Asks students to use the complement in subtraction problem. This exercise introduces students to the use of the complement to change a subtraction into an addition. This is introduced by example, though later students are asked to provide a conjecture about why the method works. For them to be successful with this, some students may need the clue that adding the complement can be shown in a number of ways; for example: 51 – 27 becomes 51 + 72, which can also be written as 51 + 99 – 27 (hence the answer is always 99 more than the original problem).

Teaching lessons preceding this exercise could include:

  • modelling this procedure carefully

This is further skill building and promotes the recording of student views to assist forming learning.

Exercise 4: More Complementary Subtraction

Asks students to practice using the complementary addition strategy. It draws attention to the fact that the numbers needs to have the same columns (same number of columns and the same column values) for the method to work.

Teaching lessons preceding this exercise could include:

  • modelling this procedure carefully

This is further skill building using base 10.

Exercise 5: Martian Maths 12 + 12  = 102

Asks students to explore base 2. This exercise introduces students to working base 2, and provides a pattern for students to follow when converting our base ten numbers to base two. A good activity to assist students develop an understanding of different bases is to introduce them to how our place value system uses powers of ten, where each additional column is one power of ten bigger (or smaller) than the last (so if the Martians with only 2 fingers invented a similar number system, what powers would be used to work out the value of each column?) Exploring the conversion of base ten to base two numbers, and vice versa, is also worthwhile.

The last questions introduce student to the idea that numbers in different bases needs to be signalled in some way to prevent confusion. Here the term convention may need to be explained before students attempt these. Different suggestions that students have come up with can be discussed before the formal mathematical notation is introduced.

Teaching lessons preceding this exercise could include:

  • the concept of number systems in different bases

This activity can be formed by patterns but it should lead to the development of being able to read small binary numbers meaningfully.

Exercise 6: Complements in Base 2

Asks students to explore complements in Base 2. This is a simple but very important concept to be developed and mastered. The language of Logic Chart, Input, and Output is also important.

Teaching lessons preceding this exercise could include:

  • an electronic demonstration of an inverter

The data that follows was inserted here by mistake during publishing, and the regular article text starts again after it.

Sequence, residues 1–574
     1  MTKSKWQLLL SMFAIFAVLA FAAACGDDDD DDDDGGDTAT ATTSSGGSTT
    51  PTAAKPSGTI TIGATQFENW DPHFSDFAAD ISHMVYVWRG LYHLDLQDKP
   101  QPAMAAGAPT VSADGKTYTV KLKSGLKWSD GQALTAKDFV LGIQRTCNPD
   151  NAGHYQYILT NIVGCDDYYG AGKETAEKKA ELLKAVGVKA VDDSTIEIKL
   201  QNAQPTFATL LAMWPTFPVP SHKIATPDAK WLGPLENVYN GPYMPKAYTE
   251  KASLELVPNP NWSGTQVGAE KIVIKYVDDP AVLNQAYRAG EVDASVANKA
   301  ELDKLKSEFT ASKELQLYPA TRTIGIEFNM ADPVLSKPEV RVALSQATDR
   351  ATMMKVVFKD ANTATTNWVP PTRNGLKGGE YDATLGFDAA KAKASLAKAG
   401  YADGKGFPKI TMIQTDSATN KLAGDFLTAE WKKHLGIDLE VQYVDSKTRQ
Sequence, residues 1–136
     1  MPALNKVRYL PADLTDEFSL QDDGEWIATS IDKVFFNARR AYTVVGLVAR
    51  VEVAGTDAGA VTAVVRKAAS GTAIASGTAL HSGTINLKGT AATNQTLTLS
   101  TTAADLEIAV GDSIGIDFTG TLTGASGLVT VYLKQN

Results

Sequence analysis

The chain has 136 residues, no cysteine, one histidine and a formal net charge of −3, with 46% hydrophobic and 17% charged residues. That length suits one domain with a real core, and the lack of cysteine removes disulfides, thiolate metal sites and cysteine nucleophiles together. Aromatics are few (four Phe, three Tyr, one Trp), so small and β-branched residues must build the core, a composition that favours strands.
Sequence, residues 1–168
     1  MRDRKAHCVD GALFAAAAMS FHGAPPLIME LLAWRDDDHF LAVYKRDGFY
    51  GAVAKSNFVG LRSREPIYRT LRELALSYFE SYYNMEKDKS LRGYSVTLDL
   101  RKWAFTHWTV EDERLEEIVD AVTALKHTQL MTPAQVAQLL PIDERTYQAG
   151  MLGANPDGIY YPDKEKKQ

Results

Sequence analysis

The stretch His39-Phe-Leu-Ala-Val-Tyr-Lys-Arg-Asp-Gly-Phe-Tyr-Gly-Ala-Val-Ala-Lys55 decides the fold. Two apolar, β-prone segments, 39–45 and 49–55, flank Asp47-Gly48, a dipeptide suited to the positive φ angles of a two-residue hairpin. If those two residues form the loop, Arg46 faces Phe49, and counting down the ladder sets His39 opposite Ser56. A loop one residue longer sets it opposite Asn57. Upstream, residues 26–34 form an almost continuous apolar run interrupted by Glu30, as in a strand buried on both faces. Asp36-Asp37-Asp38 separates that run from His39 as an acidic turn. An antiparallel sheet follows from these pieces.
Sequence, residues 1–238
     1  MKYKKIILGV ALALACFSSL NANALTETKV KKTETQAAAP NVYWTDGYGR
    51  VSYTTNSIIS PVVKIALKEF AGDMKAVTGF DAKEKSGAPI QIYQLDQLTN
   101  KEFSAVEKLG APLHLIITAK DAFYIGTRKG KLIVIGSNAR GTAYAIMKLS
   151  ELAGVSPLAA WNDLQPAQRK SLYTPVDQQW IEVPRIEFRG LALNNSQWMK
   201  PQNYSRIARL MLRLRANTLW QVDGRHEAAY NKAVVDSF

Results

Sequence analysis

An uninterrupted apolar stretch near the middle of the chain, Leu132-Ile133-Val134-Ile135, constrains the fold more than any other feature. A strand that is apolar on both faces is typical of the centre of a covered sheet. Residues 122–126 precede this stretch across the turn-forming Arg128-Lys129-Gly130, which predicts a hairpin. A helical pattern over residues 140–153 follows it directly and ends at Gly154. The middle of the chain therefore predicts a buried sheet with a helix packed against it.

Exercise 7: Computers, Adding

Asks students to explore the concept of adding in base 2. A teaching session introducing students to this concept before they start the exercise would assist those students who have only previously worked in base ten. Having a good understanding of the process of adding in another base is important for the following exercises.

A demonstration of the AND gate would be meaningful to students but is more difficult because only the NAND gate is manufacturered because it is a much more useful device. See the Forrest Nim Engineer’s handbook for straightforward instruction.

Exercise 8: Computers, Multiplying

Asks students to explore multiplication wiht a computer loop. Before starting this activity, students may need to be led through the process of reading and understanding a simple computer program, and the process of constructing a table to check the logic process the computer is following.

Some features in the program to note:

  • The line numbers at the start of each line
  • The use of letters as the name of a memory store
  • The use of a decision box in line 90 to create a repeated loop

Showing such a program as a flow diagram could also be useful to students.

Teaching lessons preceding this exercise could include:

  • revision of the meaning of multiplication as repeated addition

Exercise 9: Computers, Dividing

Asks students to explore division in a computer loop. This exercise gets complicated in places, and may require support, as division is processed as a repeated subtraction, which in turn is completed as repeated additions of the complement.

Teaching lessons preceding this exercise could include:

  • revision of the meaning of division as repeated subtraction

Exercise 10: Computers, Powers and other Functions

Asks students to investigate how computers do mathematical operations.  This exercise is a summary of the unit and suggests a project for the student to have an opportunity to publish learning in a chosen topic. This is an opportunity to assess the communication key competency.